The Difficult Third Blog Entry.

Today has been a day of racking my brain and wringing hands, as not only have I been afflicted with a lager-induced hangover, but I’ve watched The Rings of Akhaten twice now, and I keep changing my mind about it.

I’ll start by saying it’s very clear why Series 7 Part 1 was released on DVD separately. There is a tangible difference in tone between the first half of the series and the second, and not only due to the change in cast. Jenna-Louise Coleman has been a delight so far, and this incarnation of Clara has presented us with a lovely dynamic with the Doctor which I don’t feel we’ve seen before, certainly not since 2005 (my knowledge of classic Who, as I’ve stated in an earlier blog entry, is limited, but growing).

In recent history the Doctor’s companions have generally come from a background where they’ve lost their father. Rose lost her father as a child; Martha’s parents divorced and she was brought up by her mother; Donna’s father died after she first encountered the Doctor, Amy grew up with no parents at all, and even River’s father turned out to be one of her friends from school, weirdly enough. It wouldn’t be unfair to say then that they all see the Doctor as that father figure so lacking in their lives. Clara on the other hand lost her mother in 2005, and appears to still have her father around. I can only assume we will discover more about her parents as the series develops, but from what we know thus far, it would seem that she isn’t quite in need of that father figure of the Doctor than her previous incumbents. Certainly, although we are only two episodes in, it is curious to note that the Doctor has been dropping her off at home at the end of each one, before picking her up later.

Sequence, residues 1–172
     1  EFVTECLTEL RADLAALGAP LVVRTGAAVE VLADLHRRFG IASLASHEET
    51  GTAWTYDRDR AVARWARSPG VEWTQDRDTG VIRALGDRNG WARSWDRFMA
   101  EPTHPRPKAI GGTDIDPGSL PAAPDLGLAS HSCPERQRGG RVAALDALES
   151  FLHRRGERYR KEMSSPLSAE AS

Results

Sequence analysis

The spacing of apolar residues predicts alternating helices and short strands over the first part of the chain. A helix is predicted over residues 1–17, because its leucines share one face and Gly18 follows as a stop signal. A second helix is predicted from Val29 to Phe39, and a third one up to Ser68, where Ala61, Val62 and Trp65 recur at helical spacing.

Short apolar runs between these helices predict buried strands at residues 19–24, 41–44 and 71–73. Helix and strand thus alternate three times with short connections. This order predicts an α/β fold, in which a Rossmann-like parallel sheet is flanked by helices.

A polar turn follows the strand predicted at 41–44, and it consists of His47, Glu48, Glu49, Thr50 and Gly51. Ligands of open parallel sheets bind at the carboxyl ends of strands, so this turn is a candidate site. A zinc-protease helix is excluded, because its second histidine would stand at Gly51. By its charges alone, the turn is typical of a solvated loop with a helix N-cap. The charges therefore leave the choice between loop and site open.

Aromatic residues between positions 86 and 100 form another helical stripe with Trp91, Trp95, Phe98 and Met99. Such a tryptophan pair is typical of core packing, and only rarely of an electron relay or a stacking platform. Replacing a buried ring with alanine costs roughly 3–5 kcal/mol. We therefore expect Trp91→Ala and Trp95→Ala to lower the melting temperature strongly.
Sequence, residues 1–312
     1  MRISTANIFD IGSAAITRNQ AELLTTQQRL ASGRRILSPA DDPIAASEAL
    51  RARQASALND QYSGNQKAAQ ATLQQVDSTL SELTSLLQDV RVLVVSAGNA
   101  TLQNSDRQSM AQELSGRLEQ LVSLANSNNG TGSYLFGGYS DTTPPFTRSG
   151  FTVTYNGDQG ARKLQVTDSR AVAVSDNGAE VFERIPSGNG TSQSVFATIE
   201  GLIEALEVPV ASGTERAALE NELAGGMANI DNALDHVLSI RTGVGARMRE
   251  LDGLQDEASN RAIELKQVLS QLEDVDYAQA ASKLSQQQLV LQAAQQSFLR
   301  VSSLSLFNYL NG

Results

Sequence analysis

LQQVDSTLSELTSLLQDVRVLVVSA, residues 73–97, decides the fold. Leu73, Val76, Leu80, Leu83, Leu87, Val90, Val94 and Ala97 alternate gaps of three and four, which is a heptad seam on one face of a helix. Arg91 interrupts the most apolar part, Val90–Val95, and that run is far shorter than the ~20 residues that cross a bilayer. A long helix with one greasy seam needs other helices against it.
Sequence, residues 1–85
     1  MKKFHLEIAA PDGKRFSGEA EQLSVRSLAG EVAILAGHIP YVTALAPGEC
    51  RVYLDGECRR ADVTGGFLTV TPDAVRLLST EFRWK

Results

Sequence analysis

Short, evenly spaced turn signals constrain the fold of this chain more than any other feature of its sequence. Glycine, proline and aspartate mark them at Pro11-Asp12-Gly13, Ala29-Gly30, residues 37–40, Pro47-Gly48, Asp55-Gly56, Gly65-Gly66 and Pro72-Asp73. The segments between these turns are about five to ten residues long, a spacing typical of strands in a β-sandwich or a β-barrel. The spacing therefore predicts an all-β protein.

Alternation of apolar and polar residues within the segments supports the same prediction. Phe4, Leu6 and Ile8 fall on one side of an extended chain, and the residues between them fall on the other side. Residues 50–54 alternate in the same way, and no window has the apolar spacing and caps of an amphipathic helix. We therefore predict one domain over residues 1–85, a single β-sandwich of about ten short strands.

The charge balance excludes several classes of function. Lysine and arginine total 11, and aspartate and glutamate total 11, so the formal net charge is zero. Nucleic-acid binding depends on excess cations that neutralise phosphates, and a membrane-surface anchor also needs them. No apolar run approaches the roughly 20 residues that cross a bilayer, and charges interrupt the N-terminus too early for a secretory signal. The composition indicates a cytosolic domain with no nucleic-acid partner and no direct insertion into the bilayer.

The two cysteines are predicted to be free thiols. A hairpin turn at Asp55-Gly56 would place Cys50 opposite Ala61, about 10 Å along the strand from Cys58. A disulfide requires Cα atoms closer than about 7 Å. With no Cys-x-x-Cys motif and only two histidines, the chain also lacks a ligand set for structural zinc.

The Rings of Akhaten then is an odd episode. The posters and trailer suggested to me something slightly different to what we actually got. I was happy to note, for example, that the line “We don’t walk away” said to Clara by the Doctor turned out to be not as a result of Clara suggesting that they leave (as it seemed from the trailer), but from Clara not understanding that the Doctor WASN’T walking away.

The set of the marketplace at Akhaten actually reminded me of the Roman marketplace where the Doctor took Donna in The Fires of Pompeii (albeit with slightly more aliens than Romans), and indeed, the whole episode for me had that air of a Tennant-era setting. Certainly more so than the majority of Smith’s tenure so far. I hadn’t been able to imagine Tennant’s Doctor in any of the episodes since he left, with the possible exception of Asylum of the Daleks, such is the change in tone since Moffat took over stewardship of the show.

In all honesty, on first viewing of The Rings of Akhaten I was initially a little underwhelmed. There were certain moments I wasn’t massively keen on, such as the epically cheesy moped across the stars, which was done twice for added cheese. Other little needless things bugged me slightly too, such as the total overuse, again, of the sonic screwdriver. Writers of Who generally find a clever little way to separate the Doctor from his TARDIS, to make the plot more interesting. If only they made the same effort to have the Doctor misplace his sonic more often I’d be a little happier. Moffat showed that this can be done to great effect in The Eleventh Hour.